The Psychoanalysis of the Gothic in the Works of Lewis Carroll, Carlo Collodi and James Matthew Barrie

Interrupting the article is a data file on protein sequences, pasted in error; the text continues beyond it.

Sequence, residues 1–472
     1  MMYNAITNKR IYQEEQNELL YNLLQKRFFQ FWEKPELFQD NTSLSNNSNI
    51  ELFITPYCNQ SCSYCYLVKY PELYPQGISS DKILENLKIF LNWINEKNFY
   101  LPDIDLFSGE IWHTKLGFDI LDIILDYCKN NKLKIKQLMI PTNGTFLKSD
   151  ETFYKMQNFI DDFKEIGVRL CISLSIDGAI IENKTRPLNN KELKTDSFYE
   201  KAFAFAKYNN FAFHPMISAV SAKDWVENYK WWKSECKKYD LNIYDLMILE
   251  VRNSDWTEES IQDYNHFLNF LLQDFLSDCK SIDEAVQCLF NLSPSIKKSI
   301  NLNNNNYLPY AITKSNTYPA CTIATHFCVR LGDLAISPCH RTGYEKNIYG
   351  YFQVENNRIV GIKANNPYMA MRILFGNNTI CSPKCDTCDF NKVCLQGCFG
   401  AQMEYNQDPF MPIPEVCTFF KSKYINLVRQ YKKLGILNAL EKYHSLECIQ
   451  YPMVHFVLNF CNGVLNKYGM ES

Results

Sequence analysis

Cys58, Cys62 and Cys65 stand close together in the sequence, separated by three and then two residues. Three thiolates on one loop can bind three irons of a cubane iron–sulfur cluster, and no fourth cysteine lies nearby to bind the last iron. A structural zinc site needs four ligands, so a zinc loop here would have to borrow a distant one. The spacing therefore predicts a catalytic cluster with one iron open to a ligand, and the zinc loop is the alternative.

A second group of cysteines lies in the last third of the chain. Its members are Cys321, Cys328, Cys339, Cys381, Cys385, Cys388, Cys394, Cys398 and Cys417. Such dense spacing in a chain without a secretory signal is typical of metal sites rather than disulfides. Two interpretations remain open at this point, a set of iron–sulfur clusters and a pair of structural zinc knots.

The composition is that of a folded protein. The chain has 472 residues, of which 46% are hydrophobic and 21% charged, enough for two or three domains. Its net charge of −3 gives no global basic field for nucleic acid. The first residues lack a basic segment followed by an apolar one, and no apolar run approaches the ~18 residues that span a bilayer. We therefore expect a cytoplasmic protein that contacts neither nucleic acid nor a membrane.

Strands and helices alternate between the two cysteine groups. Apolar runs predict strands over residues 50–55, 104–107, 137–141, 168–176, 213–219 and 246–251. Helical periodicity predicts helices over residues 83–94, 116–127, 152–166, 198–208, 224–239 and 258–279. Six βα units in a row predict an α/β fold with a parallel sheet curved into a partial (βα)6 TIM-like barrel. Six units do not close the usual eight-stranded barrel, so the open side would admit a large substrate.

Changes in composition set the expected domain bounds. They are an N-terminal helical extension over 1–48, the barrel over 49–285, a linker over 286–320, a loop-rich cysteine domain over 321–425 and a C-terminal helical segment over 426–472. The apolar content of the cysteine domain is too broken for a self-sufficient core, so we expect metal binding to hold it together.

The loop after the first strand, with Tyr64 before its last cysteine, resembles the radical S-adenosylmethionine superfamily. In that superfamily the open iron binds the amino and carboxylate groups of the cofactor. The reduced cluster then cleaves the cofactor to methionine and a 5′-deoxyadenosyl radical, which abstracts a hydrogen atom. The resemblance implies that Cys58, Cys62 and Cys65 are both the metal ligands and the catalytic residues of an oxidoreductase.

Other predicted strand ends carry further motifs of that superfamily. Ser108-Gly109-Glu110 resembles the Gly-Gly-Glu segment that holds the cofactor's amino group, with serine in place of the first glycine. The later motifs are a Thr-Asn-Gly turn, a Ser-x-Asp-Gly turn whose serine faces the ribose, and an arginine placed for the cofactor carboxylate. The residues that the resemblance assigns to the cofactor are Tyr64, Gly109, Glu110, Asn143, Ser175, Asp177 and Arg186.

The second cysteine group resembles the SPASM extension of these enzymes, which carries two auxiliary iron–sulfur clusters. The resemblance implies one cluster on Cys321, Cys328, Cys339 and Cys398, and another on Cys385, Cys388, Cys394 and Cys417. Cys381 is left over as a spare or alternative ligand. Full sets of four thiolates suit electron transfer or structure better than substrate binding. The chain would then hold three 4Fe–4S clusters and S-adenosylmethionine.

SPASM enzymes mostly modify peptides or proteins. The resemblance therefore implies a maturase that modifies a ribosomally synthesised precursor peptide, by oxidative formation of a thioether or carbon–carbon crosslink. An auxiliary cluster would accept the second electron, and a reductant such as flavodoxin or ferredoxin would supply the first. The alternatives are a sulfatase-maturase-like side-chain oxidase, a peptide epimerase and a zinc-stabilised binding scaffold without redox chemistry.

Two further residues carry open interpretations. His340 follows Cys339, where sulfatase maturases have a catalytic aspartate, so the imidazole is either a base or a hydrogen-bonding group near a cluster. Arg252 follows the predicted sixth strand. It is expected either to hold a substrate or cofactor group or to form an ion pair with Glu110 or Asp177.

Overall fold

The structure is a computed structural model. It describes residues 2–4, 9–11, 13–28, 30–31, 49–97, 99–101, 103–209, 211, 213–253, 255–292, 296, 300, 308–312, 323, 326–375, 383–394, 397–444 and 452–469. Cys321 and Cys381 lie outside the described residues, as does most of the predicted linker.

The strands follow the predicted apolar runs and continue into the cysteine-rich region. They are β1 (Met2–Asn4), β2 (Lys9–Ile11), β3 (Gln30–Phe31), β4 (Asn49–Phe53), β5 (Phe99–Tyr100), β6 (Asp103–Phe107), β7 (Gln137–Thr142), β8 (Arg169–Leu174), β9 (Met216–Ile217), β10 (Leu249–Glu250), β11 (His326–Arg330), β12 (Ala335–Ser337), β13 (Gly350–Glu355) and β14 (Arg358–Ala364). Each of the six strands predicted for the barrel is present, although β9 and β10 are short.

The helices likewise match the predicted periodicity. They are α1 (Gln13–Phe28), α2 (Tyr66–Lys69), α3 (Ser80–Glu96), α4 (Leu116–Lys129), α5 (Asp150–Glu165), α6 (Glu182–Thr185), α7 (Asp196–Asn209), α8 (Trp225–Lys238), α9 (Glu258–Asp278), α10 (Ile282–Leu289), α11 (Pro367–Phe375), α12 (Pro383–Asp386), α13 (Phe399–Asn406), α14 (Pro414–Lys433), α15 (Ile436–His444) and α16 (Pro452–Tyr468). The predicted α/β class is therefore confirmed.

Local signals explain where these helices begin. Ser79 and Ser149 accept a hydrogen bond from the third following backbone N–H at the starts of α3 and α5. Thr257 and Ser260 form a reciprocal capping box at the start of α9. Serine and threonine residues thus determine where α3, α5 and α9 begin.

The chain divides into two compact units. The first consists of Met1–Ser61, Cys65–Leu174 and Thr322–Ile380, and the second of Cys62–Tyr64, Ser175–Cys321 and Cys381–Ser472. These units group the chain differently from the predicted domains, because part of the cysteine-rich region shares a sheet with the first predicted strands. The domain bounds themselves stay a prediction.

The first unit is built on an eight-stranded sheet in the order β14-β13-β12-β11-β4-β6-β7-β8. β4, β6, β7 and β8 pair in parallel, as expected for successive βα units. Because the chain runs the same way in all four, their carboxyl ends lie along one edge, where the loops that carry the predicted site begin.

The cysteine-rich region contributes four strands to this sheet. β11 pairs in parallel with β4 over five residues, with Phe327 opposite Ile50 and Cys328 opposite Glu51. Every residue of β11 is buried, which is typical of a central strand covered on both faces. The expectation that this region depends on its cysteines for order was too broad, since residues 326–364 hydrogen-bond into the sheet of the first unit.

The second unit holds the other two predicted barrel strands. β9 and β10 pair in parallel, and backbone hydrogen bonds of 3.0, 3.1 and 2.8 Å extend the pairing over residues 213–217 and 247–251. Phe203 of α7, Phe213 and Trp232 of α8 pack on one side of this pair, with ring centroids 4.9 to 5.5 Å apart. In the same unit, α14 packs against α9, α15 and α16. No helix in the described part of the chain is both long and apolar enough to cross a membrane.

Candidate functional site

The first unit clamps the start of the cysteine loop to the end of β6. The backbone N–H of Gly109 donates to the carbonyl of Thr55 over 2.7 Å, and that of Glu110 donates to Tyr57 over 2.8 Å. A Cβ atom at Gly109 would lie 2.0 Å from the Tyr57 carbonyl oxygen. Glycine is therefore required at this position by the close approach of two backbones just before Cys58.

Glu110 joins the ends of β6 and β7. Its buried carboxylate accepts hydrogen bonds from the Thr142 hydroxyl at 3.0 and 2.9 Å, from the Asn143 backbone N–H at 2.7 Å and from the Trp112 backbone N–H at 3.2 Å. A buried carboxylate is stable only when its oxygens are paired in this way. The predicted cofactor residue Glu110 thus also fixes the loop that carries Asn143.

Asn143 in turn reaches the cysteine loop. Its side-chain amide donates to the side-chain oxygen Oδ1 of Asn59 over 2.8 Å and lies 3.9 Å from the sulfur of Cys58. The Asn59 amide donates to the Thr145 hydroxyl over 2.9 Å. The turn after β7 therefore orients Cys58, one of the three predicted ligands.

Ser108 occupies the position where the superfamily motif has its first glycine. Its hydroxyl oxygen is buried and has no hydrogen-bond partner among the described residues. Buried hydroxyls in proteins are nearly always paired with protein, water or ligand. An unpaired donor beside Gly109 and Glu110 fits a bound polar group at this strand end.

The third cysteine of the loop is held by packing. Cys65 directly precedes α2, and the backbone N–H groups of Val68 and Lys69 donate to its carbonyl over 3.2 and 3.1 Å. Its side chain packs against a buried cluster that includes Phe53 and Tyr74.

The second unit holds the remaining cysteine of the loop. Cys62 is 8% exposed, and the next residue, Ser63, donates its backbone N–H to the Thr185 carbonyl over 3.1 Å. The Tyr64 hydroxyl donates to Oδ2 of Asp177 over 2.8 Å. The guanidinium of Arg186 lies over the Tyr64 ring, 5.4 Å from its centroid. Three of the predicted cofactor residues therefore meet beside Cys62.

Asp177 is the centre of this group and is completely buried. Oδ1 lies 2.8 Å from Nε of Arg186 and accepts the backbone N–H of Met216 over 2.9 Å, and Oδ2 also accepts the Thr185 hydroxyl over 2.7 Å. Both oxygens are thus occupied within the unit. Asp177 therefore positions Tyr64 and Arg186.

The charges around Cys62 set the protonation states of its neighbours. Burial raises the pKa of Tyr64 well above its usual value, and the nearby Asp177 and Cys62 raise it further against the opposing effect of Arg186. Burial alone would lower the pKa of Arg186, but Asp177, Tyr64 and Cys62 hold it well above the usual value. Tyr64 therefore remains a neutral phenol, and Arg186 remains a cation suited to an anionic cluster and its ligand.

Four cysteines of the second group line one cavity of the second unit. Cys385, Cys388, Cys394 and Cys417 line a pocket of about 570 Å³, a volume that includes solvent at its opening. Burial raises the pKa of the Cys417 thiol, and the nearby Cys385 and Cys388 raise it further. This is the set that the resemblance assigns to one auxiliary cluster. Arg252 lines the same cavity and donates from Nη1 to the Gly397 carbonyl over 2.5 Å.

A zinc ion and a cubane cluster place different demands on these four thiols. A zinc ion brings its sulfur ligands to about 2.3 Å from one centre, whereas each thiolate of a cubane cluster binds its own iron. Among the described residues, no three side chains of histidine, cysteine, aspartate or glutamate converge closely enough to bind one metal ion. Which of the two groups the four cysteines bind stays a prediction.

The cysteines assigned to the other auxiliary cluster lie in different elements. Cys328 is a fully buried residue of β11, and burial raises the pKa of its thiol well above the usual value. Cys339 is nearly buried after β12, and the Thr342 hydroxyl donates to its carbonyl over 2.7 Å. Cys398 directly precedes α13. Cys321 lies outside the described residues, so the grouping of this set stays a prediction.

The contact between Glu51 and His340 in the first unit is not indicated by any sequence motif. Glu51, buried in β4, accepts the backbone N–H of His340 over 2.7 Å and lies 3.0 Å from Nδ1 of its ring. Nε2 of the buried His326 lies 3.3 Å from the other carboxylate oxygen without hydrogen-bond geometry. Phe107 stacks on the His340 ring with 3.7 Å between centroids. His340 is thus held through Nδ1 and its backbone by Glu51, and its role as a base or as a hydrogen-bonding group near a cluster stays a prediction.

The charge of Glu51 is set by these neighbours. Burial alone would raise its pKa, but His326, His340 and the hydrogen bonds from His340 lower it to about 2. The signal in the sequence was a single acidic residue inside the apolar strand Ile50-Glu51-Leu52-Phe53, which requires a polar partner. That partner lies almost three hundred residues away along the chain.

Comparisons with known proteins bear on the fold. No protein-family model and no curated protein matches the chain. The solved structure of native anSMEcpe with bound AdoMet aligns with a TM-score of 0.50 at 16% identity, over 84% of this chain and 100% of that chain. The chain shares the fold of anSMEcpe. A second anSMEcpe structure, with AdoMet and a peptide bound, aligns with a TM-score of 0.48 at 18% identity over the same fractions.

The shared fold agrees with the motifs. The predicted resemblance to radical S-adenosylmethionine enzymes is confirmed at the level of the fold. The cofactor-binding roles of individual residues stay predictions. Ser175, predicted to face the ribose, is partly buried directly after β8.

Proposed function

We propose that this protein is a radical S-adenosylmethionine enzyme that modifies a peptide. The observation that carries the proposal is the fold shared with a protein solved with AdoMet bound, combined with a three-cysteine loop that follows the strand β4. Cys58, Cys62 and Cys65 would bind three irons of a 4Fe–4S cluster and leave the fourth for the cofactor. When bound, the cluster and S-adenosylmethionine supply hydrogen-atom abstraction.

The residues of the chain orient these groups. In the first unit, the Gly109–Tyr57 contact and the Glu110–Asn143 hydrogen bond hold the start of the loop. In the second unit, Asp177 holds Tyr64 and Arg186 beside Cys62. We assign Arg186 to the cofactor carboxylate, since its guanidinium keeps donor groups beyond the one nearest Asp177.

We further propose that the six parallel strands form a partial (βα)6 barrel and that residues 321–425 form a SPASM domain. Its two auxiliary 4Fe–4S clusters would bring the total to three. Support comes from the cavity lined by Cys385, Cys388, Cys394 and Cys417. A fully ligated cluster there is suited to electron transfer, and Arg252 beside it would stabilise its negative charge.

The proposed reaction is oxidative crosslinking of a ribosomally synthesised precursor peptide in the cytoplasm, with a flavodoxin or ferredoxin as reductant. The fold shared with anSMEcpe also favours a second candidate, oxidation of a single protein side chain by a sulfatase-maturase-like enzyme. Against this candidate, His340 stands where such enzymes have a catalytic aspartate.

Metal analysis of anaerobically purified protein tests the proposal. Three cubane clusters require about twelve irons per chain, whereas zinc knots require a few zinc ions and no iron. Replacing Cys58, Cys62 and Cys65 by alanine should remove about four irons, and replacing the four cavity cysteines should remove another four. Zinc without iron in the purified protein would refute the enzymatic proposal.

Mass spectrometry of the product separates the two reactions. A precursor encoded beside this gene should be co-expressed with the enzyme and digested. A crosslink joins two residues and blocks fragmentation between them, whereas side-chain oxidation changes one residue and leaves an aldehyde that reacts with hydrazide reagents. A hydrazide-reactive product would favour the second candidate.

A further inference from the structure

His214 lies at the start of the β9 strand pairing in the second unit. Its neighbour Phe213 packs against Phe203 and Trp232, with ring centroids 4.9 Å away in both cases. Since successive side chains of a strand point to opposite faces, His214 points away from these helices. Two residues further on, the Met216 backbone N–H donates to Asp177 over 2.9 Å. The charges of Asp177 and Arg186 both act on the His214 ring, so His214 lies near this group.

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This dissertation analyses Gothic influences in the works of Lewis Carroll, Carlo Collodi and James Matthew Barrie from a psychoanalytic viewpoint with specific reference to the theories of Sigmund Freud ‘The Uncanny’ (1919). Chapter one distinguishes repetition as a source of the uncanny in Carroll’s Alice’s Adventures in Wonderland (1865) and analyses how her dream world setting can be effectively allegorized as the mind. Using Freud’s concepts of the repetition compulsion in young children this chapter questions Alice’s longing to combine the experience of childhood with adulthood as a cause of her subconscious desire to repeat. Chapter two discusses the figure of Pinocchio as a wilful automaton who straddles the border between the animate and inanimate, which Freud suggests is a cause of uncanny effect. This chapter also compares Pinocchio’s internally aware nature with automatons of the Gothic genre including Mary Shelley’s nameless monster and E. T. A. Hoffman’s Olimpia. Collodi’s many Gothic references to death and dead bodies are analysed as well as the psychoanalytic theories of Jacques Lacan. Chapter three distinguishes the character of Peter Pan as a ghost, a psychopomp, a vampire and a double, figures which appear throughout Gothic literature. The psychoanalytic theories of both Freud and Otto Rank are addressed throughout this chapter with specific reference to death and the fear of aging. This chapter also links Peter with the mythical God Pan and compares Neverland to the Celtic tale of Oisin and Niamh and the sinister land of Tìr Na nòg.
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